The Key West Art and Historical Society, in partnership with Monroe County Public Libraries and the Florida Keys Council of the Arts, is building cultural equity by telling the stories of the Black community’s significant contributions to local culture and industry, as documented in artwork and historic documents. This online exhibition seeks to redress a serious omission - that the substantial contributions of people of color are under-represented in our island’s historical narrative and our cultural institutions.
From its beginnings in the 1800s, the maritime industries of Key West were dependent on the skills of Black Bahamians and Black Cubans as sailors, spongers, boat builders and fishermen. The contributions of these skilled workers has been marginalized, when in truth, their contributions were vital, valuable and integral. This exhibit is part of a larger project which is a step forward in doing what we all should have been doing for years – celebrating the true diversity of the heritage of the island city of Key West.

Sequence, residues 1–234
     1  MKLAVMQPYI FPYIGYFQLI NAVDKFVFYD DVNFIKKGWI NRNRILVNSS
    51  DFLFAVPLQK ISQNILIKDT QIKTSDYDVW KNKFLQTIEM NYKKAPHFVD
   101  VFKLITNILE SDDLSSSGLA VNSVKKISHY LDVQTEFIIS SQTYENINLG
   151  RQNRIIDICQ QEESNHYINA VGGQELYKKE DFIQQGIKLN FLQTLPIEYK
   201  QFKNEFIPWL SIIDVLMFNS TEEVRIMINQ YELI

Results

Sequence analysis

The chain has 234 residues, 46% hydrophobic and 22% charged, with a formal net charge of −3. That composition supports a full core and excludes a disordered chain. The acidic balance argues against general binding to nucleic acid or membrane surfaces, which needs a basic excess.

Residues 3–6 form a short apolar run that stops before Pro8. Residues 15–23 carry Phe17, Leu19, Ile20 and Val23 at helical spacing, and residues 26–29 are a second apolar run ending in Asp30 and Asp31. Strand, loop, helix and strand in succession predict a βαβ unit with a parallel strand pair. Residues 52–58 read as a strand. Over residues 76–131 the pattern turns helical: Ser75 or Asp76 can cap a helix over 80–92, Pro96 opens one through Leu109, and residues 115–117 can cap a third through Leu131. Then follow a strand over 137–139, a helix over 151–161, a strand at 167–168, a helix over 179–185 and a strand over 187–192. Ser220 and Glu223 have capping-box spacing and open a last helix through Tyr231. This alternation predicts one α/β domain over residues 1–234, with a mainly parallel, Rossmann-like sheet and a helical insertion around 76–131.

This online exhibition focuses on Black contributions in our early history, using visual arts, as well as the permanent collections of both the Key West Art & Historical Society and the Florida History Department of the Key West Library. The neighborhood children and families of today, whether they be descendants of Bahamian fishermen or emigres from a myriad of Caribbean islands, deserve to see people who look like them in their textbooks, in their governments, and in their museums.
Sponsored in part by the Florida Keys Council of the Arts, The Helmerich Trust, Ocean Sotheby’s International and private donations.
The mission of The Key West Art & Historical Society is to preserve the culture of the Florida Keys through exhibiting and displaying regional art, architecture and history for the purpose of educating the community and visiting public.